PUBLIC universities coming to have said that they are yet to get, which can be construed as ‘are still waiting for’, any government directive to raid the halls of residence to purge them of any ‘torture cells’ is worrying on a couple of counts. The issue of ‘torture cells’ in halls of residence in public universities came up in conversations after some leaders of the Bangladesh University of Engineering and Technology unit Chhatra League, the student wing of the ruling Awami League, had beaten to death a student in a room of the university’s Sher-e-Bangla Hall at night on October 6 and early October 7. But by saying that the universities are yet to get any directive, as New Age reported on Friday, the universities, which enjoy autonomy in their operation, appear to have acted against their interest. When the university administrations on their own can raid the halls of residence for any ‘torture cells’, which falls within their jurisdiction to ensure the safety of hall residents and to afford students a safe academic environment, why would they be waiting for any government directive in this regard? They have, thus, betrayed their tendency to look forward to what the government says about what they should do on their own, jeopardising the lives of the students and constricting their space and freedom that they enjoy.
The public universities coming to have so said also reeks of a tendency to wash their hands of the matter that could put the students at serious risks. It is for the universities to ensure the safety of the students and the campus. This also reeks of efforts to pass their own responsibility onto government agencies or the government for that matter. Ranking officials of the university and of the halls of residents are said to be guardians of such a huge number of students. But they appear to have failed in this connection. The university administrations should have much earlier, at least soon after the murder of the BUET student that has raised the issue yet once again, begun raiding the halls of residence for any ‘torture cells’. Besides, the prime minister Sheikh Hasina, at a press conference at Ganabhaban on October 9, in reply to a question about the murder of the BUET student, said that she would order the law enforcement agencies to raid all halls of residence of the universities to purge them of any ‘torture cell.’ The prime minister’s statement should have provided for a moral support for the administration of public universities in taking initiatives to ensure the safety of students and campuses and, thus, play their due role.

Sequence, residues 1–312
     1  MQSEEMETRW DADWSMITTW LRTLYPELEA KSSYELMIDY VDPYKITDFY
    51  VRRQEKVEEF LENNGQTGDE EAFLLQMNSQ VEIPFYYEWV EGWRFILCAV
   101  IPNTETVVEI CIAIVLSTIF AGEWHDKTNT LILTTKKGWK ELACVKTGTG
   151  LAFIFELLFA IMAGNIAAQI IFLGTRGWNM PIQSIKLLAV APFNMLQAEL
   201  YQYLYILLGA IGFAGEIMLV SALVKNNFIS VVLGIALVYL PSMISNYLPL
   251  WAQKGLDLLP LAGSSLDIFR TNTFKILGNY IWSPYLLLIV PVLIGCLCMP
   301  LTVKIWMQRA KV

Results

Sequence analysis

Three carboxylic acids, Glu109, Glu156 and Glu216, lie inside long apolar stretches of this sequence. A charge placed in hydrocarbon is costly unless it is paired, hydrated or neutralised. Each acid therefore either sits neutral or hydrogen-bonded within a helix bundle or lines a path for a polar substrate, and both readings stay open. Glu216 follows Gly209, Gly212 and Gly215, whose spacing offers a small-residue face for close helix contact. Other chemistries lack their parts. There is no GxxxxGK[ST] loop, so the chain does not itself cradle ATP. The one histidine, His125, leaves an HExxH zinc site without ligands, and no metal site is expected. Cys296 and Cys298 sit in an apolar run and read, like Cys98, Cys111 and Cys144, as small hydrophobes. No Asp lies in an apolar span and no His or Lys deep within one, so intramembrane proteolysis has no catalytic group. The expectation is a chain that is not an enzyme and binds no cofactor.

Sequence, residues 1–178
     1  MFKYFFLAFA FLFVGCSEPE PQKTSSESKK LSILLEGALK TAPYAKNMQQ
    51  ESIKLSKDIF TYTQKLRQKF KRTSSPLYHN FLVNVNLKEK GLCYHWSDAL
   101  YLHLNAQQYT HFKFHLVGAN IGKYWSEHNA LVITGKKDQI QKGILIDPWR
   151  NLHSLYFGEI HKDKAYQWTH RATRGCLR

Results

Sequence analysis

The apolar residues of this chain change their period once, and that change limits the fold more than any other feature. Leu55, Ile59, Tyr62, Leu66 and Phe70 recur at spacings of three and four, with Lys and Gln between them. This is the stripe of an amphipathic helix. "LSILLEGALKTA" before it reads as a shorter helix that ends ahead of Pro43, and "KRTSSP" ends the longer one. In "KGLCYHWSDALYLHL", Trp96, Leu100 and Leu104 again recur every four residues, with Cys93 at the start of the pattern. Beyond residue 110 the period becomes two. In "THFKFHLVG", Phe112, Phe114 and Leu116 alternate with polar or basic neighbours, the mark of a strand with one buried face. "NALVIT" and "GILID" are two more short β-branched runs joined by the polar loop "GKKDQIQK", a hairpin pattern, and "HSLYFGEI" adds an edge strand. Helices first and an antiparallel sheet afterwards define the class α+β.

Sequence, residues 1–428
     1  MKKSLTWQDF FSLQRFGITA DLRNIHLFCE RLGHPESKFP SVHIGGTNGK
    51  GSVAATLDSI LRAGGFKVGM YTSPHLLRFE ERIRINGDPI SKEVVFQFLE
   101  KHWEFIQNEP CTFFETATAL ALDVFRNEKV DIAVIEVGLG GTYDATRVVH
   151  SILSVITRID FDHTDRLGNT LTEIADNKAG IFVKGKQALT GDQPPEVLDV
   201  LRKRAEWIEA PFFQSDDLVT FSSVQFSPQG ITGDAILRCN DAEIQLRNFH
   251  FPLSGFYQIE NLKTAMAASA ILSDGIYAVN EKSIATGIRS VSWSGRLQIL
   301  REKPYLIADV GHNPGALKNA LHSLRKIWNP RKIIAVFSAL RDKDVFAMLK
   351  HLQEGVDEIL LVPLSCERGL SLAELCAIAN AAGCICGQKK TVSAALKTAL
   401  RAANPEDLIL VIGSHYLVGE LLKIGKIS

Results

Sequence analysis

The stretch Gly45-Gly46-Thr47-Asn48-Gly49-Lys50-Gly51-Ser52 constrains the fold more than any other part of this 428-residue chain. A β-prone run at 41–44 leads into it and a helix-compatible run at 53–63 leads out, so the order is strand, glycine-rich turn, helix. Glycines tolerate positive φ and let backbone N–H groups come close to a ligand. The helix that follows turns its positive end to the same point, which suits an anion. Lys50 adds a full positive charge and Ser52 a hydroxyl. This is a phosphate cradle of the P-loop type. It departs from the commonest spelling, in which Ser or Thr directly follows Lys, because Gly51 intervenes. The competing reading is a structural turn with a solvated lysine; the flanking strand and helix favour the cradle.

Some of the universities claim to have set up cells to see if the students face any persecution, repression or torture and in a few universities, the authorities have already searched a handful of rooms. But such episodic measures are highly unlikely to result in any meaningful state of affairs, which is evident in the murder of the BUET student and many incidents of murder and torture that took place in the past. The university authorities must, therefore, immediately take steps to purge the halls of residence of any ‘torture cell’ that they may have, shrugging off any partisan cloaks that they may have put on.
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